(Interview with Juan Paulo Iglesias of La Tercera Daily, Santiago, Chile)
Q: A document from the National Security Council issued last September said that Chile and four other Latin America countries share the United States priorities on security matters. What are those priorities and why only these five countries were included in this government document?
Rumsfeld: That document was not put out by the Pentagon. It was put out by the National Security Council. I have not got the document in front of me, therefore I don't know the context, being a conservative person I don't answer questions I think I do not know, okay?
Q: There is some information about the presence of Al Qaeda members in this region, in the triple frontier, in Iquique in the north of Chile. Do you have information about that? What's the information you have?
Rumsfeld: I do not have any information that's discussible. Needless to say we have interest in all of the terrorist networks that operate in the world, and we see lots of reports about their movements around the world. In many cases it is scraps of information that is not verified and to some extent it involves actual hard information that it may be a transit as opposed to a location and in some instances it relates as much to financing, in some instances there are loose affiliations and I'm not in the intelligence business as such so I don't spend a lot of time trying to nail all that down. I get the assessments from the director of the central intelligence and look at that, but those kinds of things that are assessments and evaluations and they are not releasable.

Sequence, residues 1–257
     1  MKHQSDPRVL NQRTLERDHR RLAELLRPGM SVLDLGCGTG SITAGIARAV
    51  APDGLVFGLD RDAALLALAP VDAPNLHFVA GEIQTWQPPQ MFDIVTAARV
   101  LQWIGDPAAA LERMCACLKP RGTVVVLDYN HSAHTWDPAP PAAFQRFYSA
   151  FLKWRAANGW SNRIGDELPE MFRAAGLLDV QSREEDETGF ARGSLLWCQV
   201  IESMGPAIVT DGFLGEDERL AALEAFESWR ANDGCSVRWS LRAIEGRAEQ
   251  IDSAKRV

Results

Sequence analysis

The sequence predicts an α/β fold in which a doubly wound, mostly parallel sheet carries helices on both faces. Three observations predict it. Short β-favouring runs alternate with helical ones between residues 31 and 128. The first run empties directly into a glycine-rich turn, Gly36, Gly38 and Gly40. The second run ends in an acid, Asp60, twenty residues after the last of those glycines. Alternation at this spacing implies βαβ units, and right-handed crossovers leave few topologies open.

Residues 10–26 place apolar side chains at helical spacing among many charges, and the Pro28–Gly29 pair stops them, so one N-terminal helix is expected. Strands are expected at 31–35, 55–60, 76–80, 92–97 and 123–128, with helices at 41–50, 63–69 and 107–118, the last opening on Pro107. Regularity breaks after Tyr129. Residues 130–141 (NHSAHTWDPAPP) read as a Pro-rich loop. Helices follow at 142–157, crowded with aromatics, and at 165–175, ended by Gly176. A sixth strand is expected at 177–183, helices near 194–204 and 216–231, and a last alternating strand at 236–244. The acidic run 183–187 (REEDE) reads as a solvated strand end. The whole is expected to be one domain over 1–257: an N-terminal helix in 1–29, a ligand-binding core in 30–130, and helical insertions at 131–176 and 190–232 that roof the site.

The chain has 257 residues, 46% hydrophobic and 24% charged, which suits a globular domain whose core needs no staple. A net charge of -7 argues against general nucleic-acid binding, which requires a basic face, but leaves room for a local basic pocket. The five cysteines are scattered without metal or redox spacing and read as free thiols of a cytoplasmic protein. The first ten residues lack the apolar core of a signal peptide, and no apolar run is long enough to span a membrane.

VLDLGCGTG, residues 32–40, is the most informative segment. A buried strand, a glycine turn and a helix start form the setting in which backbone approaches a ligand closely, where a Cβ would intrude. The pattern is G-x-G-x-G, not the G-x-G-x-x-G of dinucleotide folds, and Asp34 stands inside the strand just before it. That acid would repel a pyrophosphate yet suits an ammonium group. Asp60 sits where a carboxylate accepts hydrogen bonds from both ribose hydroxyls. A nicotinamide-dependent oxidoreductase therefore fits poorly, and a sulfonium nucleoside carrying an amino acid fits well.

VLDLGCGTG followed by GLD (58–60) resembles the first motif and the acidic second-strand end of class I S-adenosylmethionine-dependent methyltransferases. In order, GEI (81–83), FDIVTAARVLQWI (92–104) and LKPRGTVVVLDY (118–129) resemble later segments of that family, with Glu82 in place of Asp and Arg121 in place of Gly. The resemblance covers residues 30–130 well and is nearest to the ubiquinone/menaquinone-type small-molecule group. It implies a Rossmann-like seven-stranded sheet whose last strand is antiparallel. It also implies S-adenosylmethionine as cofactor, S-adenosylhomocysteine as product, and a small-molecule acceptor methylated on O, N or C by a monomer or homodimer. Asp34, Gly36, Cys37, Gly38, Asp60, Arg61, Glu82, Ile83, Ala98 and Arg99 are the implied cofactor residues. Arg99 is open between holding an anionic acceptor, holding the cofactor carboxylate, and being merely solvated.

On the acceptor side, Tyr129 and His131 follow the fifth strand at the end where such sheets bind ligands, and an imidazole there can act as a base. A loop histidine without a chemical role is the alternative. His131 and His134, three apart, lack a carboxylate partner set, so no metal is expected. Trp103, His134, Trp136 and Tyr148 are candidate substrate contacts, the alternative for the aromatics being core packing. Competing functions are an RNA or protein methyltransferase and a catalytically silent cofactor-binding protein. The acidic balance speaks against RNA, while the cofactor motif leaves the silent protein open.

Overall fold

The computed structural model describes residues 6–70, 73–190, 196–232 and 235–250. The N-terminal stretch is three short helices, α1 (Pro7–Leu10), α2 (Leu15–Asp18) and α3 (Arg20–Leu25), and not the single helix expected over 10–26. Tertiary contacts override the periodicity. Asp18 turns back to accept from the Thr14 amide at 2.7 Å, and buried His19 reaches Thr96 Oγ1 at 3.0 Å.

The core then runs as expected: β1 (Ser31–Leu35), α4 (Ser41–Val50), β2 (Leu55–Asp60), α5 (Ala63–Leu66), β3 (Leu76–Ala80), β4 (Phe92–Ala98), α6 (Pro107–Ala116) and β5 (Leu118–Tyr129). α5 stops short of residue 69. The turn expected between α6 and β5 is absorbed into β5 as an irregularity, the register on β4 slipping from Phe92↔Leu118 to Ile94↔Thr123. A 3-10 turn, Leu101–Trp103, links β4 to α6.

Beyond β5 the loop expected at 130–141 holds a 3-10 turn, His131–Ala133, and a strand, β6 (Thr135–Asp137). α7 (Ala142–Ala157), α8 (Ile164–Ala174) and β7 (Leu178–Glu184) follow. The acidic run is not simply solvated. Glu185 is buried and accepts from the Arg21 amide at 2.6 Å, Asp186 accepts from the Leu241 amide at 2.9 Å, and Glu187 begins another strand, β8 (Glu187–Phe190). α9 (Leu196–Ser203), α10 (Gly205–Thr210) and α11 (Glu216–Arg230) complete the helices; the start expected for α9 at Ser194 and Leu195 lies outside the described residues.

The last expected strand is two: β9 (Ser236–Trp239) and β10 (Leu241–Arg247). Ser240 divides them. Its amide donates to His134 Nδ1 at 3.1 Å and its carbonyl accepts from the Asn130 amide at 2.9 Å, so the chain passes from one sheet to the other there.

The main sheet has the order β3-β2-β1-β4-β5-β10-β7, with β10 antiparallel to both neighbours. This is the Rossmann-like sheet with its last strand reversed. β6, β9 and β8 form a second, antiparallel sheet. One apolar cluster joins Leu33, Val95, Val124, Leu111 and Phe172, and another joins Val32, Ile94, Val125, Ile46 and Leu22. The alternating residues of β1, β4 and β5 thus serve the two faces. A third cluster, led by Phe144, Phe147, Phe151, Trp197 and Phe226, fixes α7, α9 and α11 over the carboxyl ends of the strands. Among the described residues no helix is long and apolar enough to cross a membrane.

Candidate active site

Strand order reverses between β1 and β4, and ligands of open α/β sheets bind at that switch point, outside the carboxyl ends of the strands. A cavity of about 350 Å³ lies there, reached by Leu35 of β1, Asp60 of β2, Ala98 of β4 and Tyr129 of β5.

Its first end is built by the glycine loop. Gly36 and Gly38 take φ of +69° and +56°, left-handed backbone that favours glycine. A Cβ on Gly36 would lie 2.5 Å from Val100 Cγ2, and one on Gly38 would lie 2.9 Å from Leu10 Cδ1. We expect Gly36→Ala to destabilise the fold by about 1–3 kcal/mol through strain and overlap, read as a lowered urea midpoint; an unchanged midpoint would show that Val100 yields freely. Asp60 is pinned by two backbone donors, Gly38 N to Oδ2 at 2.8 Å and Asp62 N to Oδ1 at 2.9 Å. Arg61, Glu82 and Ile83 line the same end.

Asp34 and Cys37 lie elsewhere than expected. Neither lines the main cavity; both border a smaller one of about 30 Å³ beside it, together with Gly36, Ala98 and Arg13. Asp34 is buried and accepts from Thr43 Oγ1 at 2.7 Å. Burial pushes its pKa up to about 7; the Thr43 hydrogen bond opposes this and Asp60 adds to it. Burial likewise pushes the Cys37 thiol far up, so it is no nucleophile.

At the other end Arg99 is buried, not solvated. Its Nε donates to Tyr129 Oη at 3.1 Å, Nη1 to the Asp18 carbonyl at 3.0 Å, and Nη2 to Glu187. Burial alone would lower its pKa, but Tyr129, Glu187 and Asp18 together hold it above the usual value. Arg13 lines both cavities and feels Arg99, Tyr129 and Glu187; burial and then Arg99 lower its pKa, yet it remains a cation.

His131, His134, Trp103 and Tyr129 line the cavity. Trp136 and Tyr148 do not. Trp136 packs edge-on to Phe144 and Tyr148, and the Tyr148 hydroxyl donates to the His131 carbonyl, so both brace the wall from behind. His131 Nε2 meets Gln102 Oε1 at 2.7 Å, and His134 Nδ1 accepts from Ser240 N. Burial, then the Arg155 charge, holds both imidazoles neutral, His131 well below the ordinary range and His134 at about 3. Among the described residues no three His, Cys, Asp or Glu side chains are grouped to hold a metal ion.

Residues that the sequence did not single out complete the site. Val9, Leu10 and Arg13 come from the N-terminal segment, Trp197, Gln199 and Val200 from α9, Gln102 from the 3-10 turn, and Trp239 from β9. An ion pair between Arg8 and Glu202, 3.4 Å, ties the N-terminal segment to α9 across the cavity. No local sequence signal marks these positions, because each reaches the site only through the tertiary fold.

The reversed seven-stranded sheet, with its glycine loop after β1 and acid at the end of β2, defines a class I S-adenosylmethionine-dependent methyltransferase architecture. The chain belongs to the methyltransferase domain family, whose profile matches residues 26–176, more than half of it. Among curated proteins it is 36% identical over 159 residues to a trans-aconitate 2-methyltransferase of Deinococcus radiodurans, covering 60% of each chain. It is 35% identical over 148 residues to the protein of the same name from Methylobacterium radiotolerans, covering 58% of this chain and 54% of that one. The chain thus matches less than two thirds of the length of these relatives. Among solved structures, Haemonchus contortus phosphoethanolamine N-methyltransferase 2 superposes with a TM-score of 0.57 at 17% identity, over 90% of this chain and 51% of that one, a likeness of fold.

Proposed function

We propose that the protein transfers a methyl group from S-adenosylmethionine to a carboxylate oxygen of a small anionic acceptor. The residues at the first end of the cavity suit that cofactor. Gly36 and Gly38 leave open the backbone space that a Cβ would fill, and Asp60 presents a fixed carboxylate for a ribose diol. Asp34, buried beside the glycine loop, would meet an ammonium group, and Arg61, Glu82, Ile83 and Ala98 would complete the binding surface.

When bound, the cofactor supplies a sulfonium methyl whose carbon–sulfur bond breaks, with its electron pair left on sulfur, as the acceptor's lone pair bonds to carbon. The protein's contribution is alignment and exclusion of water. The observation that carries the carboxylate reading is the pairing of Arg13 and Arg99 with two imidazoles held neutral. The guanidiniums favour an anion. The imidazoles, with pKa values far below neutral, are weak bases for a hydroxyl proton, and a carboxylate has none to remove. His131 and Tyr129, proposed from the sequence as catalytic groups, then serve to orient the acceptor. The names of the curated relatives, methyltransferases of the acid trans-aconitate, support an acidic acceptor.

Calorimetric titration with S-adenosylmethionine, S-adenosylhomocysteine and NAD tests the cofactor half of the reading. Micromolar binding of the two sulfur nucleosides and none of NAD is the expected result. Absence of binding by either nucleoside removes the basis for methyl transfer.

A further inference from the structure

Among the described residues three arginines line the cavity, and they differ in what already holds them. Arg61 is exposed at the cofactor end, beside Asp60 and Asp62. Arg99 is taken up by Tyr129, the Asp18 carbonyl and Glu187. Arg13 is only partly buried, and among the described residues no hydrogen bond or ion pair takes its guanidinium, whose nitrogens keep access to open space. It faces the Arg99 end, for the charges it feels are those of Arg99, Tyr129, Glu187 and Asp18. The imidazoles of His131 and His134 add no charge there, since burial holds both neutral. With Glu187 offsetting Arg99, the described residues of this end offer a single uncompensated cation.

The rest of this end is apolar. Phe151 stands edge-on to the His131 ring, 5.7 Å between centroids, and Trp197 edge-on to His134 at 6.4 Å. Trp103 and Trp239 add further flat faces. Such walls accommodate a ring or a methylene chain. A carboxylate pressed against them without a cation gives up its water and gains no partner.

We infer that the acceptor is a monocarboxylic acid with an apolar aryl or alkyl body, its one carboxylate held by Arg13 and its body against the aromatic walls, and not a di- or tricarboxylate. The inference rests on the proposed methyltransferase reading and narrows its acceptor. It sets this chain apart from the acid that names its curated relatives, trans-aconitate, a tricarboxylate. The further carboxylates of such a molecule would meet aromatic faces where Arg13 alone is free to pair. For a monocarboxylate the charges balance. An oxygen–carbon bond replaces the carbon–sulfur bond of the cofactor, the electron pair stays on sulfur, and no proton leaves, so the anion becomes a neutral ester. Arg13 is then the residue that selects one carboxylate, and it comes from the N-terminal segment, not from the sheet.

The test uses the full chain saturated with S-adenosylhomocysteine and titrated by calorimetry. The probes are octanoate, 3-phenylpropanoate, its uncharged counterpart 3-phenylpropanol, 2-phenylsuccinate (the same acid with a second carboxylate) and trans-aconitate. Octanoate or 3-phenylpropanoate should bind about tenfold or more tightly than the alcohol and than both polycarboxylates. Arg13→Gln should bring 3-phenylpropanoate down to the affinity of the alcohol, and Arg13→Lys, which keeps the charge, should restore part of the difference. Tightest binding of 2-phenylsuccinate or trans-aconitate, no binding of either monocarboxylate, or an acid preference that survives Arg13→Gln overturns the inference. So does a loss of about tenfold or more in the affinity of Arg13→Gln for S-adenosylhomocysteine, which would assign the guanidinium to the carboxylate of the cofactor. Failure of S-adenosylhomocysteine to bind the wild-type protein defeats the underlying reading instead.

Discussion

Q: Do you have permanent contact with the Chilean agency of security to... (inaudible).
Rumsfeld: Oh, I don't. I am not in the intelligence business. We have relationships, military-to-military relationships with many, many Latin American countries, which we value very highly. I think they are important and beneficial to both of our countries.
Q: The United States wants to reinforce the security in South America. The American government will increase the cooperation into this region to accomplish that?
Rumsfeld: You started out by saying that we want to enforce something, and then you said do we want to increase cooperation. They are very different things. And you vary in the same sentence which means I can't even begin to answer that question.
Q: But they want to enforce...